Updated: Aug 16, 2020
It’s getting harder to find any Christian churches that have financial transparency today, but I’m here to assure you, they do exist. They are rare, but they’re around. Most Christians naively assume their church is transparent, but little do they know just how deceptive and secretive their church really is about money.
In our efforts to check churches over the past year and a half, I’ve spoken to a lot of pastors about money. I’ve asked a lot of churches about their level of financial transparency, and less than ten percent of them are truly transparent. That’s serious, especially coming from a group of people who expect their congregates to pay at least ten percent of their own income to support them.
If you’re unsure of whether your church is transparent, you don’t know how to check, or if you think they are but are courageous enough to test that opinion against ours, read on, church checker! Here are some tips to help you determine whether your church is really financially transparent.
Tip #1: Ask for a Financial Report
Many churches today will provide a financial report to their members once a year. This fact alone does not mean, I repeat, does NOT mean your church is financially transparent.
Unfortunately, most church financial reports are filled with superficial figures that do nothing in the way of showing true transparency. How much your church brings in from donations every year, how many baptisms they had, how many different organizations and charities they donated to, and other related information doesn’t tell you anything of consequence.
When looking at your church’s financial report, look for these key figures:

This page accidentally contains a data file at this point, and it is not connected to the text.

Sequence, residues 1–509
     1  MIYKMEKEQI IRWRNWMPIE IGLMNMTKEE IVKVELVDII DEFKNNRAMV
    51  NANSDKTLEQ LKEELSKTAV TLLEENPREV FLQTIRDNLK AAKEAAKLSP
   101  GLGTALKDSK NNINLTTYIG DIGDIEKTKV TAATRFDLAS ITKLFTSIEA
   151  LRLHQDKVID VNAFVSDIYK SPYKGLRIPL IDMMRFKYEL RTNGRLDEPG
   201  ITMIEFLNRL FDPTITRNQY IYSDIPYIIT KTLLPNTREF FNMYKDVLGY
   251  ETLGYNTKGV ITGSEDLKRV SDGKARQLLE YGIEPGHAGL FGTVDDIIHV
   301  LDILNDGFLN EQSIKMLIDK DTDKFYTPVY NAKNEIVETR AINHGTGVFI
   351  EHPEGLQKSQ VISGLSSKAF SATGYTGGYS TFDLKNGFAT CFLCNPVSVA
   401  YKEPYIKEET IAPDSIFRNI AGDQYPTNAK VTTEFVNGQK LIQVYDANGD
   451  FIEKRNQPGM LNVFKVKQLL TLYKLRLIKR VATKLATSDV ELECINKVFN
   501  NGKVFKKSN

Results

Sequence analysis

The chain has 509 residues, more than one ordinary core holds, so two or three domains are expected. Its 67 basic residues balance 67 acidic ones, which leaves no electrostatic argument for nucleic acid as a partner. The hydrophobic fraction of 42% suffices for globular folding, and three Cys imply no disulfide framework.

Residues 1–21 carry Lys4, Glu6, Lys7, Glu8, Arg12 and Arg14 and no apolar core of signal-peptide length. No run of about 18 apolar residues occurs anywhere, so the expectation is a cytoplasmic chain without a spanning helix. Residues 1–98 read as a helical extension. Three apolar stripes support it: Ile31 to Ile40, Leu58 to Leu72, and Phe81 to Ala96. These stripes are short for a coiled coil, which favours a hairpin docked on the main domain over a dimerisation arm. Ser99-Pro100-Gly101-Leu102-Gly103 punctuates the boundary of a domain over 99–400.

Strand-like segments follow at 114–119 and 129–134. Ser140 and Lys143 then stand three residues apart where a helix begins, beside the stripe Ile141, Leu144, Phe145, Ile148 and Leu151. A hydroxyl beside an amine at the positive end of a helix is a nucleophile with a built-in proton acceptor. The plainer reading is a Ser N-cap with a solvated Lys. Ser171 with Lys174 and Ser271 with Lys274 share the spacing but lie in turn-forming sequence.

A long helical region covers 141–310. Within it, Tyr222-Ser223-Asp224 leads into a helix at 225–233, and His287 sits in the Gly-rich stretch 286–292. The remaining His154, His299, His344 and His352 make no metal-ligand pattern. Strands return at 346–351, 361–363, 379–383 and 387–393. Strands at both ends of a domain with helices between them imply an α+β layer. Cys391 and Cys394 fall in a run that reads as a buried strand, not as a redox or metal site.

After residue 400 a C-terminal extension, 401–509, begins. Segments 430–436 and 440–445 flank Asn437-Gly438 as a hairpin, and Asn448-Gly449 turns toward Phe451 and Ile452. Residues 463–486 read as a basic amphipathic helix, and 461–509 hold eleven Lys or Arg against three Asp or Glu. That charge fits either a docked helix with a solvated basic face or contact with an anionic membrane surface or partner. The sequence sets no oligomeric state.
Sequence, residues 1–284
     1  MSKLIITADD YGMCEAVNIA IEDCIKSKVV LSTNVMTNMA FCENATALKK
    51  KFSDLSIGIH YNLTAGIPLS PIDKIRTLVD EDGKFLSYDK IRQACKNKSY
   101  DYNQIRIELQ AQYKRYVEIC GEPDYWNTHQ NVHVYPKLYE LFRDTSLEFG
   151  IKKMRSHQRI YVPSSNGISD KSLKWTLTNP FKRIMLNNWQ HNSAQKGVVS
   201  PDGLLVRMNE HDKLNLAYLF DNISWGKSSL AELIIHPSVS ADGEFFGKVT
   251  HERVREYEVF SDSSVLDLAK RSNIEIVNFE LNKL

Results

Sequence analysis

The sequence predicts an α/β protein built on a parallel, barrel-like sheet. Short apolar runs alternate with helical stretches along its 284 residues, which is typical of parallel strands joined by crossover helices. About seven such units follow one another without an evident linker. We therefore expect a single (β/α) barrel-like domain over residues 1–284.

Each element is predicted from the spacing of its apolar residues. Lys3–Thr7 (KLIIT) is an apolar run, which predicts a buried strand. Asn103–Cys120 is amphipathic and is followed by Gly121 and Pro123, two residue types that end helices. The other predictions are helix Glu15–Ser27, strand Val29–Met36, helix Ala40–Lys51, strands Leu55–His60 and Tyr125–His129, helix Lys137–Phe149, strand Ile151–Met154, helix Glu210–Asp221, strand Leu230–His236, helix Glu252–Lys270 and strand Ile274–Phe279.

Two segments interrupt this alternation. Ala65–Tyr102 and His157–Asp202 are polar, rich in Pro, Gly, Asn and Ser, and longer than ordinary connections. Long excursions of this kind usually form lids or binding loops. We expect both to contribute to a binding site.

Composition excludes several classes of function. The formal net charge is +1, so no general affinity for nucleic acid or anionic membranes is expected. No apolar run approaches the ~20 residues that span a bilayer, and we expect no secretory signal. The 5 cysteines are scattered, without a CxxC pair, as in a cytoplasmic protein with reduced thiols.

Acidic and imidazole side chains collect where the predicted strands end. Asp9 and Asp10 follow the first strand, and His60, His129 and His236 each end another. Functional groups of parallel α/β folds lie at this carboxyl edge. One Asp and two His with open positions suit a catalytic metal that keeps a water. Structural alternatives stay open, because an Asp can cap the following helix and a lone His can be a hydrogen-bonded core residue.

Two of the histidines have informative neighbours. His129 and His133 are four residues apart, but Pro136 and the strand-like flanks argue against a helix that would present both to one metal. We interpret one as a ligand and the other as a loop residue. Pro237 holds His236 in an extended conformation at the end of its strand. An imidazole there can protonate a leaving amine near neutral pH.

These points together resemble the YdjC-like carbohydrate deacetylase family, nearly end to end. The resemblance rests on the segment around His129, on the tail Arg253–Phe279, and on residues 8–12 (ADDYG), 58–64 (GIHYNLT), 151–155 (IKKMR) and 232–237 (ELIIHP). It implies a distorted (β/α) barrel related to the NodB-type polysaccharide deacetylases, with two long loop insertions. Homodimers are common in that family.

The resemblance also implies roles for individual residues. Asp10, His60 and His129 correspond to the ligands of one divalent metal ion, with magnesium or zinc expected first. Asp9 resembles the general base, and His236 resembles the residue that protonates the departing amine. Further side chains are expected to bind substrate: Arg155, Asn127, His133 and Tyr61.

How much money was donated to other charities and organizations?
How much money is spent on the church’s staff, facilities, missions, ministries, and administration?
How much money did the church profit from its extra businesses (ex: coffee shop, cafe, thrift store, book store, etc…)?
Pastor salary & other salaries of church leadership positions.
How much money did the church bring in from fundraisers and other forms of income besides donations/tithing, and how was that money spent?
How much money your church made at a fundraiser is irrelevant if you don’t get to see exactly how it was spent. If your church doesn’t have a report or refuses to provide this information to you upon request, I think it’s a pretty big indicator that they aren’t financially transparent. If they will only provide this information to members of the church or tithe-payers, I’d be suspicious if they really do, but if they do, they are at least partially transparent.
Tip #2: Ask for the Pastor’s Salary
While most church financial reports don’t include the pastor’s salary, you can still ask him/her point-blank: how much are you taking as a salary? If you’re uncomfortable doing this, I understand. After all, it can be seen as very rude to ask people how much they make in general, but just know this: when it comes to your pastor, you can ask, and you should.
The church in Corinth asked the Apostle Paul how much he was taking in 1 Corinthians 9. The context suggests Paul was being accused of taking more than he should have, but once asked/accused, he eventually came to the answer: Nothing.
While Paul explains throughout the chapter that a minister of the gospel has every right to be supported by the local church, he didn’t want to be a burden on his people and he saw the preaching of the gospel the reward of preaching itself, so he preached it free of charge.
Just as the Corinthians had every right to ask Paul how much he was taking, so do you, and just as Paul answered them without hesitation or deception, so should your pastor. Paul made it clear that the pastor does have a